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The unresolved role of dietary fibers on mineral absorption

Baye, Kaleab, Guyot, Jean-Pierre, Mouquet-Rivier, Claire
Critical reviews in food science and nutrition 2017 v.57 no.5 pp. 949-957
absorption, adverse effects, binding properties, bioavailability, dietary fiber, fermentation, humans, in vitro studies, intestinal absorption, iron, men, minerals, physicochemical properties, polyphenols, rats, synthetic fibers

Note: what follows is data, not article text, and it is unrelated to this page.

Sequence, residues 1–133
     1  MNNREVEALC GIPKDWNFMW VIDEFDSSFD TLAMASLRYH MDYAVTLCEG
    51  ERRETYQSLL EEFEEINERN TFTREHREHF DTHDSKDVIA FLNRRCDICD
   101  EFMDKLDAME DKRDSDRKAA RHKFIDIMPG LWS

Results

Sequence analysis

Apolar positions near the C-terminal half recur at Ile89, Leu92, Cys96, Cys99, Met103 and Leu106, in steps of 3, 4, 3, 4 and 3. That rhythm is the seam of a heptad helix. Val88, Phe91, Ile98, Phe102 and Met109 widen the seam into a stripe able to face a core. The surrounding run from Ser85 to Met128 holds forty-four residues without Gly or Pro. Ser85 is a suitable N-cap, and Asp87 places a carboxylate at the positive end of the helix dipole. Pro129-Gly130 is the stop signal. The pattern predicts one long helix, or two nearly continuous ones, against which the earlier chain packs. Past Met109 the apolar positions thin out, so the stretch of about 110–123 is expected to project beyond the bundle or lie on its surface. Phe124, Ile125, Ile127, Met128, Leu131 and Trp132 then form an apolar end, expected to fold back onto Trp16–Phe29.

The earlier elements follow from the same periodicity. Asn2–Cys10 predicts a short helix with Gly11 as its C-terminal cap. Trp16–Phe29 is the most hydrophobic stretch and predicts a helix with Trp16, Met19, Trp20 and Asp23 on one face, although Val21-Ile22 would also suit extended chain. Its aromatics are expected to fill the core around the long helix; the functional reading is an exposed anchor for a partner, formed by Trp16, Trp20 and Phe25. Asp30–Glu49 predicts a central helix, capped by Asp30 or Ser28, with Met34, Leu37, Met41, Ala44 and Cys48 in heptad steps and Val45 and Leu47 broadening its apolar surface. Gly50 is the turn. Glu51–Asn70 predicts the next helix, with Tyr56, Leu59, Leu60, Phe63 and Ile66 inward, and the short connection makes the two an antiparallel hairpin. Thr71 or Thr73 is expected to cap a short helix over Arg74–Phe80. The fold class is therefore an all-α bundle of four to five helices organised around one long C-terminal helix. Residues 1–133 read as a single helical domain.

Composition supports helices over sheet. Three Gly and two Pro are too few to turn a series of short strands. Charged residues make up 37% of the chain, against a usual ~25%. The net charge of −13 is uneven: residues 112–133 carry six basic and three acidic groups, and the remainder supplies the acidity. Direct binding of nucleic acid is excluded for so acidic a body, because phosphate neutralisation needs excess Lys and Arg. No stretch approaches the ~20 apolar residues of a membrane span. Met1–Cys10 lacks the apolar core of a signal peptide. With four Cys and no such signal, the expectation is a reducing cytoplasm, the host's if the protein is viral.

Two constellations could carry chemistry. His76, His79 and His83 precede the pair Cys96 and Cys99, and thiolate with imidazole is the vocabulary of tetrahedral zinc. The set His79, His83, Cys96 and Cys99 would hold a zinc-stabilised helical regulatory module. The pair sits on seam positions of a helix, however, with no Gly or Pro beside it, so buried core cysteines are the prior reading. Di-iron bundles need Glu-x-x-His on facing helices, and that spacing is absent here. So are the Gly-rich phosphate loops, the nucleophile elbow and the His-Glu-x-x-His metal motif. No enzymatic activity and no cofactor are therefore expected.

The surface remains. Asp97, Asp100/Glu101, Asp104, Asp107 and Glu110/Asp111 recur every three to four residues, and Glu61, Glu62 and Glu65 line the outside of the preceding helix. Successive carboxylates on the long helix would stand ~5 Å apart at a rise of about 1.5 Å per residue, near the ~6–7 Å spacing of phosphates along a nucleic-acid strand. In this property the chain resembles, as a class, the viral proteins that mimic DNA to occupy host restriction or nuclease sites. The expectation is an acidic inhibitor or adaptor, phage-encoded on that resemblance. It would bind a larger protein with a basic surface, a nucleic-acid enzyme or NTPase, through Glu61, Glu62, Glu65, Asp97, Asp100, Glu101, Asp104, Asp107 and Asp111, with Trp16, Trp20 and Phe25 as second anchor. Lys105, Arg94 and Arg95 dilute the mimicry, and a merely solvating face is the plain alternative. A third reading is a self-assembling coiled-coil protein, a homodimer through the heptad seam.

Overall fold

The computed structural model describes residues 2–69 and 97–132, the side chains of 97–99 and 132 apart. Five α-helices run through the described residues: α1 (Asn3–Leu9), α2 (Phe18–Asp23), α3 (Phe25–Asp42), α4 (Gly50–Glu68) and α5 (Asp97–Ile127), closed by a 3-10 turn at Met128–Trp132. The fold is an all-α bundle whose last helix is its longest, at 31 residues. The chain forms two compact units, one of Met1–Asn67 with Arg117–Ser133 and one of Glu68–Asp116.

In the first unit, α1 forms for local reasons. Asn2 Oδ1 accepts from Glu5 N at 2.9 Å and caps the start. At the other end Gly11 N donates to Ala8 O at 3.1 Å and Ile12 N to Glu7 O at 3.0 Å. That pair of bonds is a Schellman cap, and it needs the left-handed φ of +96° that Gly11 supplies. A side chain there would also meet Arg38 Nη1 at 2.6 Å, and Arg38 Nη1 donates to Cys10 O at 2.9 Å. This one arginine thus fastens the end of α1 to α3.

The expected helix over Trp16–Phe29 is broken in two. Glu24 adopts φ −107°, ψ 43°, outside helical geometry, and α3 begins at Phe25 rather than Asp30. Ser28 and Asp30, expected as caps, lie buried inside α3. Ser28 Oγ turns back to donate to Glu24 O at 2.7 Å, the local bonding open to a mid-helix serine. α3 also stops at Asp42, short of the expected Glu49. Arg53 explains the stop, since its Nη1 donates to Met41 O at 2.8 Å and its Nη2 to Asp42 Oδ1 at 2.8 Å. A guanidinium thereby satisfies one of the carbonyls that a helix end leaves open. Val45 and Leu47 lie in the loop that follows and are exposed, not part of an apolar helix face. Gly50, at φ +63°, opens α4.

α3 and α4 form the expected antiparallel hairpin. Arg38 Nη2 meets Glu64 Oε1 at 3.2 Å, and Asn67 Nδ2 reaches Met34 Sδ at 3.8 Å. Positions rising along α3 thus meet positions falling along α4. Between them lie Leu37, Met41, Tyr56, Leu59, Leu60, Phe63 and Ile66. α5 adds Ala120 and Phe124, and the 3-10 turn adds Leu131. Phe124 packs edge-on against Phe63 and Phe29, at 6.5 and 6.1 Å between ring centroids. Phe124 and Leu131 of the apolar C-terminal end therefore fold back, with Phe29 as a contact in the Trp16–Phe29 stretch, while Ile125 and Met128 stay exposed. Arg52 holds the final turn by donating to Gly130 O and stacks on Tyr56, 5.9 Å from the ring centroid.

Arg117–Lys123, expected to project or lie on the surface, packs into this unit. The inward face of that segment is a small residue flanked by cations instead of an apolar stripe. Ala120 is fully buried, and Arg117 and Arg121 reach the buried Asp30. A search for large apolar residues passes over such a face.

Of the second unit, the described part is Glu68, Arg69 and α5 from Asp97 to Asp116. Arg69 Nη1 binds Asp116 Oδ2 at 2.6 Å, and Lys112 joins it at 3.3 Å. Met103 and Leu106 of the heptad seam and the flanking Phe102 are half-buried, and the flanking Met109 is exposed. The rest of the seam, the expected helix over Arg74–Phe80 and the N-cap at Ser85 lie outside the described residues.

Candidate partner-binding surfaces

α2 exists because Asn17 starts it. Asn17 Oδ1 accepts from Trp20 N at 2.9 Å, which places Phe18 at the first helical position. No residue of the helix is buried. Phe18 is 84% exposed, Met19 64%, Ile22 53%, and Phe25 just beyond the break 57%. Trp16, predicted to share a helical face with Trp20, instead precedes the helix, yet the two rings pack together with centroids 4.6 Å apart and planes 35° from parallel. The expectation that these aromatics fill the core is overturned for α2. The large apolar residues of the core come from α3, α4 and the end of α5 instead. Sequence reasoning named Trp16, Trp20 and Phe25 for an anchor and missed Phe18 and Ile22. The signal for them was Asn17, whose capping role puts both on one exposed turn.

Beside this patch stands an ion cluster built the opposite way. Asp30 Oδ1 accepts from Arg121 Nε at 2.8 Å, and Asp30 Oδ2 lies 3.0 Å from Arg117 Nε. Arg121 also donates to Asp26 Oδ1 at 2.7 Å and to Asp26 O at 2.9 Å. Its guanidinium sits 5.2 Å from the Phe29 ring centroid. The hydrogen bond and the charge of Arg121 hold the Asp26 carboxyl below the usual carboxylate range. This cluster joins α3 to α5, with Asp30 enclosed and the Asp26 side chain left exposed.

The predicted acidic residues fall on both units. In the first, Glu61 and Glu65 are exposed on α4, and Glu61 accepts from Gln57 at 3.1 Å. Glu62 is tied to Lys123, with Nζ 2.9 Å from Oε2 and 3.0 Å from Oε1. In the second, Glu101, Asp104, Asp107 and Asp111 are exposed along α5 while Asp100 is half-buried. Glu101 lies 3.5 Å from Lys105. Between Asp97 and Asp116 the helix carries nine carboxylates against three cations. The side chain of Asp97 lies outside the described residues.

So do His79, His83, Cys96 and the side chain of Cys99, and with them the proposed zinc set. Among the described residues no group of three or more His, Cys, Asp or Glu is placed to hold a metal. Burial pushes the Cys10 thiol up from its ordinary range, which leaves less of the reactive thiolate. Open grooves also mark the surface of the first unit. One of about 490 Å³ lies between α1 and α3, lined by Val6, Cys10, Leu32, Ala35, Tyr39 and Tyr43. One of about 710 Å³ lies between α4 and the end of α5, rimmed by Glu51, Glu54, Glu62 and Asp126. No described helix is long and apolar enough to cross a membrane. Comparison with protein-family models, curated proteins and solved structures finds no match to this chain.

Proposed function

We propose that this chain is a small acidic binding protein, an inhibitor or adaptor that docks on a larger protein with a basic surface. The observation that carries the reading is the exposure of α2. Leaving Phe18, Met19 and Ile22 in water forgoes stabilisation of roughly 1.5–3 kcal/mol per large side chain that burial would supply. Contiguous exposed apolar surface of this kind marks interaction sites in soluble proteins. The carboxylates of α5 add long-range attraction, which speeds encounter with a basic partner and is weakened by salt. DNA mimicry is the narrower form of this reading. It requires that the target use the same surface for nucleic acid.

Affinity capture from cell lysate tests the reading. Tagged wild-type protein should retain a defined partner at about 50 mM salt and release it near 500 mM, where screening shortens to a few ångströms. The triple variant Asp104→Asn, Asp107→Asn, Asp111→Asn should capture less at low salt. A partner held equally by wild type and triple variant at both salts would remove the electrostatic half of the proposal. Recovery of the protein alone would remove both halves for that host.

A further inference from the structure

Dietary fiber is a complex nutritional concept whose definition and method of analysis has evolved over time. However, literature on the role of dietary fiber on mineral bioavailability has not followed pace. Although in vitro studies revealed mineral binding properties, both animal and human studies failed to show negative effects on mineral absorption, and even in some cases reported absorption enhancing properties. The existing literature suggests that dietary fibers have negative effects on mineral absorption in the gastrointestinal tract largely due to mineral binding or physical entrapment. However, colonic fermentation of dietary fibers may offset this negative effect by liberating bound minerals and promoting colonic absorption. However, existing studies are limited since they did not control for more potent mineral absorption inhibitors such as phytates and polyphenols. Animal studies have mostly been on rats and hence difficult to extrapolate to humans. Human studies have been mostly on healthy young men, who likely to have an adequate store of iron. The use of different types and amounts of fibers (isolated/added) with varying physiological and physicochemical properties makes it difficult to compare results. Future studies can make use of the opportunities offered by enzyme technologies to decipher the role of dietary fibers in mineral bioavailability.